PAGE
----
[Thank you Dr. Pari Ghodsi, OB-GYN and women’s health expert, for sharing the tips today.]
As an OB-GYN, I know one of the biggest concerns shared by many women at the beginning of a pregnancy is how to manage weight. Questions like, “How much weight should I gain?”, “How much should I be eating?”, “How will I gain the right amount for my baby, but not too much that I cannot lose it?” all pop into a woman’s mind after discovering she is pregnant.
The American Congress of OB-GYNs has laid out guidelines for how much weight a woman should gain during her pregnancy based on her starting BMI which we’ve copied below.
Starting BMI Weight Gain
- Starting BMI: less than 18.5; 28-40 pounds
- Starting BMI: 18.5-24.9; 25-35 pounds
- Starting BMI: 25-29.9; 15-25 pounds
- Starting BMI: 30 or greater; 11-20 pounds
There are many online BMI calculators but it’s wise to double check with your physician to figure out which range you fall in. Once you know the proper range of weight to gain for your body, you can apply and monitor it over the course of your pregnancy. As any woman who’s ever been pregnant before will tell you, it sounds simpler than it is.
The easiest way to gain the right amount of weight for your baby is to increase your calories by eating larger portions of nutritious foods. A typical woman with a normal BMI who does 30 minutes of daily exercise should eat around 1800 kcal in the first trimester, 2200 kcal in the second trimester, and 2400 kcal in the third trimester. It’s important that you eat a well-balanced diet containing all five food groups.
Here are some additional tips for staying fit and healthy during pregnancy.
1. Skip the sugary drinks.
- Sugary drinks are low in nutrients and don’t offer any health benefits for you and your baby. Rather sodas and other high sugar beverages are a major culprit for weight gain.
- Skip diet drinks as well as they contain caffeine (which should be limited during pregnancy) and sugar substitutes.
- Proper hydration is important during pregnancy, so make sure you drink plenty of water.
- Juices are great in limited amounts, but always make sure any juice you drink is pasteurized.
2. Avoid the “eating for two” mindset.
- Don’t double your normal pre-pregnancy caloric intake.
- It’s all too easy to adopt the “I’m pregnant and I can eat anything and everything” mentality, but consider this: after you’ve given birth, you’ll have to lose that baby weight.
3. Stay active.
- Any woman experiencing a normal pregnancy needs to exercise. The American Congress of OB-GYNs recommends pregnant women should exercise thirty minutes or more most, if not every, day of the week, provided there are no medical complications and that the woman in question is not experiencing a high-risk pregnancy.
- It’s important to note that pregnancy is not a time to push yourself or start a new fitness regimen. Instead, light, regular exercise will help you manage weight gain in a way that is healthy for both you and your baby.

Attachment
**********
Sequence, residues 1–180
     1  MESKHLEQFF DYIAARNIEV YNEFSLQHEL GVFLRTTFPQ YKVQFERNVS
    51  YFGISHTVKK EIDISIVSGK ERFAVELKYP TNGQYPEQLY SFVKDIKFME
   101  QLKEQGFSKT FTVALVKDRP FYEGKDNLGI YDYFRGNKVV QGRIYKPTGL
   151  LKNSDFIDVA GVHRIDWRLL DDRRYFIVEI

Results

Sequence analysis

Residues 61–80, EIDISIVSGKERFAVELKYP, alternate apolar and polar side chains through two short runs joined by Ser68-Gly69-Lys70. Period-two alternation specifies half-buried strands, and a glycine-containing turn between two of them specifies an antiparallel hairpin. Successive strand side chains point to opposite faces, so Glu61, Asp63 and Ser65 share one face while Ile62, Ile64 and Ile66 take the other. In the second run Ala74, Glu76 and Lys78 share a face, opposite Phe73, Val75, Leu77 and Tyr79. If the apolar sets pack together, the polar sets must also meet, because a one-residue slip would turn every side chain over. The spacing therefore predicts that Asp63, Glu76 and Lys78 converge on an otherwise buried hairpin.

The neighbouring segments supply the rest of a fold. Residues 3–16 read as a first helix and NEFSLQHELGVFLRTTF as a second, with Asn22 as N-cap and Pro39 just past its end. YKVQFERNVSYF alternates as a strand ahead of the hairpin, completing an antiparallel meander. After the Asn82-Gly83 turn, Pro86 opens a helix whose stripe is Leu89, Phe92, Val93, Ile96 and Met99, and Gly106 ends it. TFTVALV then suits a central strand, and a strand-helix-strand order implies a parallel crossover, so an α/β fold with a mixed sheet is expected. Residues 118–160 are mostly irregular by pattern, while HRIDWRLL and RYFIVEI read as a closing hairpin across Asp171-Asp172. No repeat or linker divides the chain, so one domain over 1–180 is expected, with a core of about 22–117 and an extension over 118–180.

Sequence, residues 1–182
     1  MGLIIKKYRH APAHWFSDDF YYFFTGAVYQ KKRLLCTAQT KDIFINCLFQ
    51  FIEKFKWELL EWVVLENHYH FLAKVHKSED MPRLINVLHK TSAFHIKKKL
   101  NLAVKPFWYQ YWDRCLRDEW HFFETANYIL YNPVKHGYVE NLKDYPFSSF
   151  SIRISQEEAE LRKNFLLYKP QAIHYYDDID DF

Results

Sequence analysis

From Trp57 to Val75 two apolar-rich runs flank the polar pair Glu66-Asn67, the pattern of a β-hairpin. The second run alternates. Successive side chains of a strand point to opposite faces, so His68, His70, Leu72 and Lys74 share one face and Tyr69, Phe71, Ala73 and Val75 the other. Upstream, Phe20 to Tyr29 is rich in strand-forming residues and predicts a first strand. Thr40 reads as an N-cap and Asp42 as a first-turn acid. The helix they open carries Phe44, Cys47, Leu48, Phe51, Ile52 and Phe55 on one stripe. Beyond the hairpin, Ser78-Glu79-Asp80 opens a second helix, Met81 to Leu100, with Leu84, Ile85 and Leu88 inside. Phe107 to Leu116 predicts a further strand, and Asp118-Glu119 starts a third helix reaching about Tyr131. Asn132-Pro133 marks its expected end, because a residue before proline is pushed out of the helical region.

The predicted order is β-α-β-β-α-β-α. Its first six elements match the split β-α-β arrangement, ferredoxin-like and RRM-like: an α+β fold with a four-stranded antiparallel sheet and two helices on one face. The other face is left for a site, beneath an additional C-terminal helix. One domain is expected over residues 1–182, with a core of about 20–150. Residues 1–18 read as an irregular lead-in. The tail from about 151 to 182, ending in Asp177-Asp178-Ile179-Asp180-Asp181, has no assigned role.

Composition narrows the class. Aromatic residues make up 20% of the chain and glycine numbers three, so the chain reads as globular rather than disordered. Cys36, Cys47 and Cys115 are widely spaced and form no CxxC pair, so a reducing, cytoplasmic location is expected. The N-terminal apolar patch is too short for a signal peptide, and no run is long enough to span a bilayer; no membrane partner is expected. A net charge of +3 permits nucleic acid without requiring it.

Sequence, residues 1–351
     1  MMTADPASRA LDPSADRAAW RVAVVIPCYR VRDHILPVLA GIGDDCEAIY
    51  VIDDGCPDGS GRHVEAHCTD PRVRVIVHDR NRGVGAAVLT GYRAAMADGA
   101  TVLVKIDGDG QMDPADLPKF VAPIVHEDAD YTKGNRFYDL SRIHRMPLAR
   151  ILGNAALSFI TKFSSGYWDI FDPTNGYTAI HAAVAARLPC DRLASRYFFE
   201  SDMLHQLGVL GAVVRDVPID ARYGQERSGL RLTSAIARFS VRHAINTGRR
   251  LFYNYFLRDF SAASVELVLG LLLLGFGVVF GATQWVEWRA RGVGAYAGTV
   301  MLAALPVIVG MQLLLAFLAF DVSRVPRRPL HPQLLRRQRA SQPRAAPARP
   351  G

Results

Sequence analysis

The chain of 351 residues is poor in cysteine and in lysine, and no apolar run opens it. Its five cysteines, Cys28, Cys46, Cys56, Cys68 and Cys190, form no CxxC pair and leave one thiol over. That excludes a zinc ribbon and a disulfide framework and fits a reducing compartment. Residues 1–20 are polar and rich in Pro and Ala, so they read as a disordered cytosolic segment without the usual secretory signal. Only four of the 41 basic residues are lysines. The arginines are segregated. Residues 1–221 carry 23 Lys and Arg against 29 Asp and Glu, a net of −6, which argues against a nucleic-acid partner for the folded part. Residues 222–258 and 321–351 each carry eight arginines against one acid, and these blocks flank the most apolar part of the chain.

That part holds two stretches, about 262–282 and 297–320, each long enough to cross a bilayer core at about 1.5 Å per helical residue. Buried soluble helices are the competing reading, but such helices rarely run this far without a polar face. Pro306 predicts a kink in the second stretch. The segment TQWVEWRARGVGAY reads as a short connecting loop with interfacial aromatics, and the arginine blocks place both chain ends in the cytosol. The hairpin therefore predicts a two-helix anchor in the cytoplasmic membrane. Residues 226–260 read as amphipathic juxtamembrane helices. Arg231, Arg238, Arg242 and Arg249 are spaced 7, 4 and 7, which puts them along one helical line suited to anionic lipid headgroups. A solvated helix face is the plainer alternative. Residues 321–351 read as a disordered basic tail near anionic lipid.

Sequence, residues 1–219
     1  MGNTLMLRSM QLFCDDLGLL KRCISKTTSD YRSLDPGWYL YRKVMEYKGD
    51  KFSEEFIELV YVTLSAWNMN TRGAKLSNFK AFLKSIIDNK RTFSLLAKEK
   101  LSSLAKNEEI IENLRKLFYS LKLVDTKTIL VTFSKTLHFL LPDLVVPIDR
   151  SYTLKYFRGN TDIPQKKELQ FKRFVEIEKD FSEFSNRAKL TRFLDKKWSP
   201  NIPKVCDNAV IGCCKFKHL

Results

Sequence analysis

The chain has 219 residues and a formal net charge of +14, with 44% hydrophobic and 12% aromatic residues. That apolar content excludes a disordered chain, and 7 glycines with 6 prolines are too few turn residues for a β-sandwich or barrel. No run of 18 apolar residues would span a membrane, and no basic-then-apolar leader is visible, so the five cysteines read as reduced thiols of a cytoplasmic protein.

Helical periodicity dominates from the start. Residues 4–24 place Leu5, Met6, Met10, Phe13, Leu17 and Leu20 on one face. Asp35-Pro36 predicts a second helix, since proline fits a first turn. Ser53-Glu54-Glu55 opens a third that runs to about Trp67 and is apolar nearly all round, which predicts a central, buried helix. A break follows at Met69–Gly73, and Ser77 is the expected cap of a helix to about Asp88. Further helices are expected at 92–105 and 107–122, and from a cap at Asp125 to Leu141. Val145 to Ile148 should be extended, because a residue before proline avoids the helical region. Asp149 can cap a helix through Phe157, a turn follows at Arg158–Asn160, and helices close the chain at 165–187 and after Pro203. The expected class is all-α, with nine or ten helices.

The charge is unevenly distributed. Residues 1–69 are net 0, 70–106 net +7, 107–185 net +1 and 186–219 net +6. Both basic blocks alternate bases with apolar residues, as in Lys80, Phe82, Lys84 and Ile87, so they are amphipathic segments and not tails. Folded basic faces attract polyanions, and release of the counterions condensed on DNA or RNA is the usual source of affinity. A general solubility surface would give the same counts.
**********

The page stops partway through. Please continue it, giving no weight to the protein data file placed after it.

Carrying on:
- In addition to helping you maintain a healthy weight, light exercise helps elevate mood and lower your risk of deep vein thrombosis (or blood clots) which can be caused by being more sedentary.
The best exercises during pregnancy include:
- Walking and jogging
- Swimming and water workout
- Stationary cycling
- Modified yoga and modified pilates (not hot yoga or hot pilates which can cause you to overheat)
You’ll want to avoid contact sports, extreme activities like skydiving, skiing, surfing, scuba diving, and horseback riding. As always, check with your doctor before starting on a new fitness regimen.
4. Eat little and often.
- Eating several smaller meals throughout the day will keep out of control hunger pangs at bay, which can lead to overeating.
- Smaller portions eaten more frequently may help reduce nausea and heartburn as well.
5. Eat your largest meal at lunchtime.
Eating your biggest meal for lunch allows you the chance to burn off calories ensuring you don’t pack on unnecessary pounds.
6. Pile your plate with loads of fruit and veggies.
If you tuck into tons of fruit and veg, you’ll know that every bite of the extra calories you’re taking in are completely nutritious! Look for nutrient-dense options like the foods listed below.
- Bell peppers
- Cruciferous vegetables like broccoli, Brussels sprouts, and cauliflower
- Leafy greens like spinach and kale
- Sweet potatoes
These are great guidelines for determining the right amount of weight gain for your body during pregnancy. That said, it won’t be easy, but that’s no reason to feel discouraged.
Pregnancy is a wonderful thing. Sure, your clothes won’t fit, you may experience swelling in your feet, ankles, or hands, and it may seem like your body will never return to its pre-pregnancy state, but the beauty of it is that all of these changes are a normal part of pregnancy. Embrace it! Ultimately, the important thing is to focus on maintaining a healthy diet and exercise regimen to ensure your baby is healthy as he or she can be.
One last thing to note. Obesity during pregnancy can lead to health problems down the line. For some women, it can be the starting point of obesity and related health issues. Obesity during pregnancy has also been linked to childhood obesity. Staying fit is not just for you, it is for your child.
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Sifa’s Corner on,